A Canadian, a New Yorker, a Jewish Israeli, an American married to a Bedouin man, and a Palestinian-Australian walk into an Indian restaurant in Ramle…
…and they had a delicious farewell lunch!
What I just described was not a joke. I was just sharing what I did the other week during my internship at the Abraham Initiatives, which concludes at the end of June. After eight months volunteering, learning, and exploring delicious corners of the country with this non-profit, I now feel more passionate about shared society work in Israel than ever.
Over the past year, I experienced a crash course on relations between Jewish and Palestinian citizens of Israel. I spent hours in the office compiling explainers on topics like “Ramat Eshkol” or the “Garin Toranim” for international visitors. I travelled north to Umm Al-Fahm and met with a man who dreams of founding Israel’s first Palestinian art museum, and I commuted south to Rahat to observe a class about destigmatizing sexual assault among Bedouin women.
At each juncture of this journey, I met with grassroots activists, award-winning journalists, and passionate members of Knesset, all of whom were eager to share with me their take on Israel’s future. I became acquainted with the culture wars of Israeli society, as well as its most intractable, thorniest questions: Security or human rights? Ethnic supremacy or democracy and equality? Tribalism or pluralism and mutual respect? This internship gave me a deep-dive education into the status of “the other” in Israeli society that no number of hours reading Edward Said’s Orientalism in a university library could offer.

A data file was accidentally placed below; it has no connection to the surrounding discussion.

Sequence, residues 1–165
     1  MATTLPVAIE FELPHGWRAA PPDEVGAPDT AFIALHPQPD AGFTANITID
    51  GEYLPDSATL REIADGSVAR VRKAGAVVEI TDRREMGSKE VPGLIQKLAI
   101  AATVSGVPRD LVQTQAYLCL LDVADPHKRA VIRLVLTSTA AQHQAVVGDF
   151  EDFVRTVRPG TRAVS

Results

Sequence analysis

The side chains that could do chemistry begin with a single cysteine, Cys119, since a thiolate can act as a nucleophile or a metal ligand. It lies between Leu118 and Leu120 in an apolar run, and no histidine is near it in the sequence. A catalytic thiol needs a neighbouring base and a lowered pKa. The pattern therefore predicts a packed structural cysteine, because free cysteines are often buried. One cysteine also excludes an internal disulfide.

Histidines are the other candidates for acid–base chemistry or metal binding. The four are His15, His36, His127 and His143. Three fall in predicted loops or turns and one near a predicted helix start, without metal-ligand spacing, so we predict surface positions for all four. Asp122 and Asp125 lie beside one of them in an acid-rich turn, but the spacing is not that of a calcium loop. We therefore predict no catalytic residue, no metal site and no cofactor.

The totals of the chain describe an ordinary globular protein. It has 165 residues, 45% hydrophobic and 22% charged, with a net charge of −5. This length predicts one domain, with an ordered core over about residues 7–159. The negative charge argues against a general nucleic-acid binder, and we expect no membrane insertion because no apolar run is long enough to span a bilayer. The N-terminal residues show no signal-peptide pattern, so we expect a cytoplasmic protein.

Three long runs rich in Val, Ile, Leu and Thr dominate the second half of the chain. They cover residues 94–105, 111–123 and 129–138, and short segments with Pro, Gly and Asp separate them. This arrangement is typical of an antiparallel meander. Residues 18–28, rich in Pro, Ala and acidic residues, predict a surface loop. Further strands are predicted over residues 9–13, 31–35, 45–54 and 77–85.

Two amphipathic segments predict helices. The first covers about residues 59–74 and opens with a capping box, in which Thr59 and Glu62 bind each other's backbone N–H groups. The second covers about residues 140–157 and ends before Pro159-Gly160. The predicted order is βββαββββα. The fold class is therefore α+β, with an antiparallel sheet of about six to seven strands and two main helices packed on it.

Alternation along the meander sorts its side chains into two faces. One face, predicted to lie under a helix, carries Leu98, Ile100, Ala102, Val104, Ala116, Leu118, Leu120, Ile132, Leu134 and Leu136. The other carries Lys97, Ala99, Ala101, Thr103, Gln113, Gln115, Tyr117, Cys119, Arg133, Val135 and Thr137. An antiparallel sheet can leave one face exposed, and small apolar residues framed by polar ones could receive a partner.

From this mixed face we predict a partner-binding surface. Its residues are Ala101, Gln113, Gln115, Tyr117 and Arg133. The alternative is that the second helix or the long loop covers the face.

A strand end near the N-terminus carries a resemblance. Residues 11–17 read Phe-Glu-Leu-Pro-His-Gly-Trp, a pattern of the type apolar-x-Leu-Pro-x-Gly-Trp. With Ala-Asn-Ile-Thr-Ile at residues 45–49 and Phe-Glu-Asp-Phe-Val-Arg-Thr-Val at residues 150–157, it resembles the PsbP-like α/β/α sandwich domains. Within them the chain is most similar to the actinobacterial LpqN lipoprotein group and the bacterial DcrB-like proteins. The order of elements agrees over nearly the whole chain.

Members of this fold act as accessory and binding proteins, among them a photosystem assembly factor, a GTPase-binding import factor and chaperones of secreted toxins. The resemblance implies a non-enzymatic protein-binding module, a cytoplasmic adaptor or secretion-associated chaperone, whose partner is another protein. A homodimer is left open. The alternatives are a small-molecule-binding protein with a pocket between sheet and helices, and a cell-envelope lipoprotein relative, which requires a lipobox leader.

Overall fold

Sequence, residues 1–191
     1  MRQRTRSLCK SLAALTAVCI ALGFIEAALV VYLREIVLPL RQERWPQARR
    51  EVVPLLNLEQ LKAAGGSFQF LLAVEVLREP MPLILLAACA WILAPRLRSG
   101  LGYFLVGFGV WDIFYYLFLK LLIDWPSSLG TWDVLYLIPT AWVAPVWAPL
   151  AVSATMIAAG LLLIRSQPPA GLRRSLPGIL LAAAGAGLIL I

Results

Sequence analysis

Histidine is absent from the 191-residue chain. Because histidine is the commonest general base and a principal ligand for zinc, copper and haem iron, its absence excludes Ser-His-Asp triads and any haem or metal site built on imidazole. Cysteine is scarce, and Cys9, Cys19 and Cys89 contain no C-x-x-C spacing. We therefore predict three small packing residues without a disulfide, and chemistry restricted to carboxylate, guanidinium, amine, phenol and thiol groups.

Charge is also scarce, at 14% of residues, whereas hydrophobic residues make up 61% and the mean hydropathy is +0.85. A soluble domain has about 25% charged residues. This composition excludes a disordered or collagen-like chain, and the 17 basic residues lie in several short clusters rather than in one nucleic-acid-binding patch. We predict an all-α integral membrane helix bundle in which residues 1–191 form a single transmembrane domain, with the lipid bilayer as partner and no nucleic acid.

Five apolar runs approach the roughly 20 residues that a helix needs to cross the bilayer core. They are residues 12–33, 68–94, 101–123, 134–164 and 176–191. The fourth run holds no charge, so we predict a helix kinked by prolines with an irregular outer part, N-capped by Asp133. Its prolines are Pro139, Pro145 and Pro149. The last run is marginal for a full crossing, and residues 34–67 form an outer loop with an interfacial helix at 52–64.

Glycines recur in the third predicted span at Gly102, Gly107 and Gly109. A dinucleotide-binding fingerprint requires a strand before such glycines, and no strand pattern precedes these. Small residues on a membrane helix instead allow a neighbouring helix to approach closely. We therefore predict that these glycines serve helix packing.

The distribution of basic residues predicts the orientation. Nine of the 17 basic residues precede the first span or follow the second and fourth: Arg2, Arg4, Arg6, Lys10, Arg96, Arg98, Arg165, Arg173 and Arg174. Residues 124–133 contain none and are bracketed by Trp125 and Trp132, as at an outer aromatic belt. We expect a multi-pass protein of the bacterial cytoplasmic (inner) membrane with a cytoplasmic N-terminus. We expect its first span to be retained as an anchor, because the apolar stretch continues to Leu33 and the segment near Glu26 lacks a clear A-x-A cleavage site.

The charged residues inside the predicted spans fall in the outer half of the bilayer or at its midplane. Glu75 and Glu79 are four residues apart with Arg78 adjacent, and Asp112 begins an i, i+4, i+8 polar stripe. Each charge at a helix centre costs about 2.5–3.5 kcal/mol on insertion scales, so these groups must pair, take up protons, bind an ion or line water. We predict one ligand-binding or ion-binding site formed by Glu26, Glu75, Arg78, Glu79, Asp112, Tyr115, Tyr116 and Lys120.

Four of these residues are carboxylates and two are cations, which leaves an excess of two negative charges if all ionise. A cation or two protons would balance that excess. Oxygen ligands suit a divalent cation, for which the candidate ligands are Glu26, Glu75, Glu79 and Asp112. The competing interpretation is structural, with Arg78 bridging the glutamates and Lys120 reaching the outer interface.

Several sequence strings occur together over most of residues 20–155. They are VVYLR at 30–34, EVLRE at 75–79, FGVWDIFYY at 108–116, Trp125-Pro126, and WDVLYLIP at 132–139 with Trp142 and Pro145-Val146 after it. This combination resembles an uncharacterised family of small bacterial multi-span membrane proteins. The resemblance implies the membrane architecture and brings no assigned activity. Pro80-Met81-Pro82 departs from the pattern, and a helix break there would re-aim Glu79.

This fall, I also had the unique opportunity of witnessing in real time the rise of the most right-wing government in Israeli history. Within my first few weeks interning here, I observed the fair and free election of Netanyahu’s controversial coalition, which placed members of the extreme right in positions of power. The next morning, the pain in the office was palpable. It felt as if our work towards a more democratic society in Israel was coming undone, threatened by laws designed to intensify division and stoke inter-ethnic hatred.